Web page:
Jennifer Garner and her children are bee keepers in their spare time.

The 45-year-old actress has three kids, Violet, 12, Seraphina, nine, and five-year-old Samuel, with estranged husband Ben Affleck and the family love getting in touch with nature at their Los Angeles home.

Garner has a brood of chickens at her property but the family also have seven bee hives and the foursome regularly don bee suits to care for the honey-making insects.

Revealing her passion for bee-keeping, the 'Dallas Buyers Club' star said: ''It's super fun. It's like a living science experiment.''

Garner also has an extensive fruit and vegetable garden and her passion for growing organic food comes from her childhood because her mother grew the produce that the family ate.

Speaking to People Food, Garner explained: ''We have chickens but that's very LA so don't be too impressed. We grow tons of fruits and vegetables because here in Los Angeles you can just grow anything. I can't get over it. I just keep planting things ... My mom made all of our food. I would just be desperate for anything in a package. I was so envious of my friends and their Little Debbie oatmeal cakes and things like that. When we were hungry she would say, 'Go out to the garden, child, I bet those tomatoes are ready and grab yourself some sugar snap peas.' [Now], you know, you can't help it. That's what I do with my kids.''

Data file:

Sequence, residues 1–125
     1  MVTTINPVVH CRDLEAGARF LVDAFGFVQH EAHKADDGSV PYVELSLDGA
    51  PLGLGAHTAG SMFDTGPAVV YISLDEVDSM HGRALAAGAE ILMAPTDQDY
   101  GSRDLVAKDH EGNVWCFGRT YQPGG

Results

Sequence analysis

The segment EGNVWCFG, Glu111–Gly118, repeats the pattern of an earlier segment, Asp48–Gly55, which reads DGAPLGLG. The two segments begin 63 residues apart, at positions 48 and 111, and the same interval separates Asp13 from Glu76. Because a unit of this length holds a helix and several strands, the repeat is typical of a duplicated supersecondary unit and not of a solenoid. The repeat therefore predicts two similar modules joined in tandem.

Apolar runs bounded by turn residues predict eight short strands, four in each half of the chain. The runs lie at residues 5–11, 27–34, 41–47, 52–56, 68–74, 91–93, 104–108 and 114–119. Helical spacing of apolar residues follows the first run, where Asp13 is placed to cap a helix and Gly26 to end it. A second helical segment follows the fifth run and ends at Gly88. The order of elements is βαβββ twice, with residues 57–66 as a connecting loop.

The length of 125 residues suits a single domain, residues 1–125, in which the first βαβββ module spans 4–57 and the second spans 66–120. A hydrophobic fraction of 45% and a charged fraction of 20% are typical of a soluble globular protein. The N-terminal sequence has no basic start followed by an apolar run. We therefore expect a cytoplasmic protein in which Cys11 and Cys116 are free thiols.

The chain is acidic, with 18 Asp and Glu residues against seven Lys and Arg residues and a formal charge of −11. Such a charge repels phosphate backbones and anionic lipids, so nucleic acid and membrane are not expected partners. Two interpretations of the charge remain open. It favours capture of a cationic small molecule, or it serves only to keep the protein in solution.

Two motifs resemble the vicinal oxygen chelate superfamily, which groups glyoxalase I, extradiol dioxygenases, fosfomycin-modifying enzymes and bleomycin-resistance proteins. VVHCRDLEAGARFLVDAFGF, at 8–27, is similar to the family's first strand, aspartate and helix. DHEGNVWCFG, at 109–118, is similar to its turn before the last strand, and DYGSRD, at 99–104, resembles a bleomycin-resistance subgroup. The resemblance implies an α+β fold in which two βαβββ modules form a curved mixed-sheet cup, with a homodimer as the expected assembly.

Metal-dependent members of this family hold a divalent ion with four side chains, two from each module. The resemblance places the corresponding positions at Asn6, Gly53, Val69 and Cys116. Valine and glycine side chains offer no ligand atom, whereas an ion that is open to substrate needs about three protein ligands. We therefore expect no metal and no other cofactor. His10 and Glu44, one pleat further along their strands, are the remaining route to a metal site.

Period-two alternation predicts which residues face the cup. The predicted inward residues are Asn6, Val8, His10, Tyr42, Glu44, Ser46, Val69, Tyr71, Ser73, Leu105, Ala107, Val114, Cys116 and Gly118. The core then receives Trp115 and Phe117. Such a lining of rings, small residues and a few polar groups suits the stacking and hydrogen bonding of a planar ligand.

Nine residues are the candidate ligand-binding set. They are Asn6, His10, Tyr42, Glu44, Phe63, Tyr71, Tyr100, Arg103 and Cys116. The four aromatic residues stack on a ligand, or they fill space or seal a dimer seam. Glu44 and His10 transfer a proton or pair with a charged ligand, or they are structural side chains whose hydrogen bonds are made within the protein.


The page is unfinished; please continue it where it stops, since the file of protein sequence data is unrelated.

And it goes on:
Garner's love of natural produce has inspired her to co-found the organic baby food line Once Upon a Farm along with CEO John Foraker, and she admits it was her upbringing and her own three kids that made her want to bring the product to market.

She explained: ''When your kids are born, everything in your brain shifts. When I was pregnant with my first daughter, I thought I would never stop working, I would just get right back on set and she'd be raised in a trailer and I would never make her baby food and she'd be fine. I opened one of those jars and I was like, 'No! I'm never feeding this to an actual human.'

''The first thing I said to John is we can't just talk about feeding the top 10 per cent of kids, 50 per cent of kids, we have to talk about how to give that nutrition to the bottom half, the bottom rungs of the ladder. Part of my job is to educate moms what we're doing, who we are, where we are in the grocery store, [and] why we exist. The thing I'm the most passionate about is I really hope and aim for us having the first WIC farm fresh organic baby food.''